Linlithgow 9 yo 1982/1992 (62.6%, Cadenhead, Authentic Collection, 150th Anniversary)

Linlithgow 9 yo 1982/1992 (62.6%, Cadenhead, Authentic Collection, 150th Anniversary) Four stars Yes, a nine-years-old St Magdalene. Oh boy do we love these super-young ‘old’ Cadenheads, especially the Port Ellens and the Linlithgows/St Magdalenes, even if those were not for the faint-hearted… Colour: white wine. Nose: raw artisan mezcal, really. Very citric, chalky, and smoky, as in a great cocktail that would contain, well, lime, chalk, and liquid smoke. And a lot of alcohol, of course. Tends to get then super-grassy and leafy, but that’s beautiful. With water: some fusel oil at first, then rather plasticine, raw wool (visiting Islay’s Woollen Mill after a few drams), and a very natural soapiness. Rubbed cow cockle or something. Wonderfully austere and un-sexy – and un-commercial. Mouth (neat): amazingly lemony, super-blade-y, with a very leafy sootiness (wouldn’t that rather be a sooty leafiness?) and some alcohol that just burns. The heads of some raw Kirschenwasser. Careful with that glass, Eugene… With water: ah, civilisation. Soft lemon squash with a little honey and always quite some ashes and sooty things. Clay and kiwis, perhaps. Finish: very long, lemony, mineral, and ‘woollen’. Definitely one for the countryside. Sadly, the aftertaste is a little bitter, which makes it lose points. Chewing leaves. Comments: a very educational whisky and, I think, the youngest St Magdalene I’ve ever tried. Only the finish was a little difficult. SGP:372 - 87 points.

As far as high strengths go, you’ve seen nothing yet… Let’s have more 1982s, from 23 to 28 years old…

Linlithgow 23 yo 1982/2006 (61.4%, Duncan Taylor, Rarest of the Rare, cask #2204, 282 bottles)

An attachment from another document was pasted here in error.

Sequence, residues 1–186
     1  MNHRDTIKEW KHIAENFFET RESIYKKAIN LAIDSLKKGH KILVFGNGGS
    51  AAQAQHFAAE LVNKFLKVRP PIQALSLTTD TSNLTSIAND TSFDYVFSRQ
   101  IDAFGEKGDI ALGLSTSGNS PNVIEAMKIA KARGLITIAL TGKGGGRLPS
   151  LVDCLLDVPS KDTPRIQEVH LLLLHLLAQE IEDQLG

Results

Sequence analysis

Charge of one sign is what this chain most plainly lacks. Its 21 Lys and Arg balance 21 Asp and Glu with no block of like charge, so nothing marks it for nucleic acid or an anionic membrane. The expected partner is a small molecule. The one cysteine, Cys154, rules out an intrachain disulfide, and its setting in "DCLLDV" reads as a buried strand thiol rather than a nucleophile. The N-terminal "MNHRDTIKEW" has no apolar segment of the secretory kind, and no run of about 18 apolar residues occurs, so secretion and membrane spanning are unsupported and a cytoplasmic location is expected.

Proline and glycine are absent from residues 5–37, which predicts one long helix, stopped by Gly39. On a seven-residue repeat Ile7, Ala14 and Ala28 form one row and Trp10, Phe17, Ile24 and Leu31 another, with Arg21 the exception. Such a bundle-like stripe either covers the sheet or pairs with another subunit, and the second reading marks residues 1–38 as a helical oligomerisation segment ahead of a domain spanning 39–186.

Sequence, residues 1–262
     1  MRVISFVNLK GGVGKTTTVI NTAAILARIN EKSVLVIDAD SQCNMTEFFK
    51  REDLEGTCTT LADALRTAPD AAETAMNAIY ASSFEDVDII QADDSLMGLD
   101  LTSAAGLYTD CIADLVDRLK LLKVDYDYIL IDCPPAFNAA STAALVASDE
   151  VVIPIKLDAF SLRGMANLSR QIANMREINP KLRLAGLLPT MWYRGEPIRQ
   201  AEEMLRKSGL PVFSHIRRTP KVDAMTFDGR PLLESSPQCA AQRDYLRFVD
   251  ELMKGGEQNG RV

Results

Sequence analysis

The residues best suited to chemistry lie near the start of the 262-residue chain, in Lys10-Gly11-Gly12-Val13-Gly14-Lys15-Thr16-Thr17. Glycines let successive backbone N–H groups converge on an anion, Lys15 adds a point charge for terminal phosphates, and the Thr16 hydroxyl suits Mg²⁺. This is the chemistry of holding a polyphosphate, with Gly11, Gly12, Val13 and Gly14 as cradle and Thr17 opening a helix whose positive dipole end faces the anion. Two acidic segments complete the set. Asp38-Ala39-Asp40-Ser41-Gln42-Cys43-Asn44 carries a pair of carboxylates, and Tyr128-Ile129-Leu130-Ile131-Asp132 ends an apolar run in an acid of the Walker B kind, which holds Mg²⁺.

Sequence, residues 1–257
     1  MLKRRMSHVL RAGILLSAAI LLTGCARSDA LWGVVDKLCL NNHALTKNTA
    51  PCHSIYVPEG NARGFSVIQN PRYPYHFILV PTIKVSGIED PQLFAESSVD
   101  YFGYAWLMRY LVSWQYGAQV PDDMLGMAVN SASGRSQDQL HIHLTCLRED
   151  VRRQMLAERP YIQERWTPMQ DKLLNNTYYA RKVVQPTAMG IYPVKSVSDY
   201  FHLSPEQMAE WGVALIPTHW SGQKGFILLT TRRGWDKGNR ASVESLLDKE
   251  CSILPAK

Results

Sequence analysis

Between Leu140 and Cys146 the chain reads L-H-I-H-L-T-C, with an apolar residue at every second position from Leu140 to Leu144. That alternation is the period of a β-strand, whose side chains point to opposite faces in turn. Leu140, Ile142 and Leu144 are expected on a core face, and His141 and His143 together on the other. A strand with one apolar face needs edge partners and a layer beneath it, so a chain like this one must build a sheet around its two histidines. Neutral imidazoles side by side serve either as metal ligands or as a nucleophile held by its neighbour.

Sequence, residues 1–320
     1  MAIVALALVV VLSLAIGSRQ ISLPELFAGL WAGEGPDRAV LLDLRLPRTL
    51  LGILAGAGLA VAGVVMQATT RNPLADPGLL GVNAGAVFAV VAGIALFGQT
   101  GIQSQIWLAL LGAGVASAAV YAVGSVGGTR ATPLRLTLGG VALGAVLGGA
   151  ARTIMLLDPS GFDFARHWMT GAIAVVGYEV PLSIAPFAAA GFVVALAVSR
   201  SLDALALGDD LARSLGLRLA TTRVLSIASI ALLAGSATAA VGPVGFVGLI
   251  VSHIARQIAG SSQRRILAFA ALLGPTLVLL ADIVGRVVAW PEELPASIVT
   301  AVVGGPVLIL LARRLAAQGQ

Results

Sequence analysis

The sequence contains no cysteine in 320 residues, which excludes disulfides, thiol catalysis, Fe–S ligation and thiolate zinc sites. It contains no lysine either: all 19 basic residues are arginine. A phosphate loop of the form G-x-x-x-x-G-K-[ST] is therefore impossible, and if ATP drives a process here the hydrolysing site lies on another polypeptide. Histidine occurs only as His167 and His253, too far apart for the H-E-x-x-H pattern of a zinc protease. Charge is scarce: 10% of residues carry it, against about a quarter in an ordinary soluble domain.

Linlithgow 23 yo 1982/2006 (61.4%, Duncan Taylor, Rarest of the Rare, cask #2204, 282 bottles) Five stars Colour: straw. Nose: very chalky and very leafy, rather in the style of the famous 23 years old Rare Malts. There’s some crushed limestone, some fresh concrete, a little antiseptic, some chalk, gravel… And raw wool again. I’m sure this very austere – and mineral – baby desperately needs water. So, with water: superb! Lime, cactus juice, kiwis, rhubarb, chalk, that old tweed jacket after a walk in the rain… And perhaps even the mud you’ve got under your boots. Mouth (neat): perfect! Lemon, lime, chalk, and mezcal once again. Super-sharp, super-blade-y, and wonderfully zesty, not unlike the sharpest white Sancerres. Sure it cuts you in halves, but that’s one of its assets. Also love the wee saltiness, rather unexpected. With water: just perfect, a tad rounder and sweeter but that’s for a good cause. Limoncello, green apples, ashes… Finish: long, very precise, sharp, ultra-clean… Did they distil some Sancerre? Watch the sulfites! Comments: doesn’t this celebratory session start well? SGP:472 - 91 points.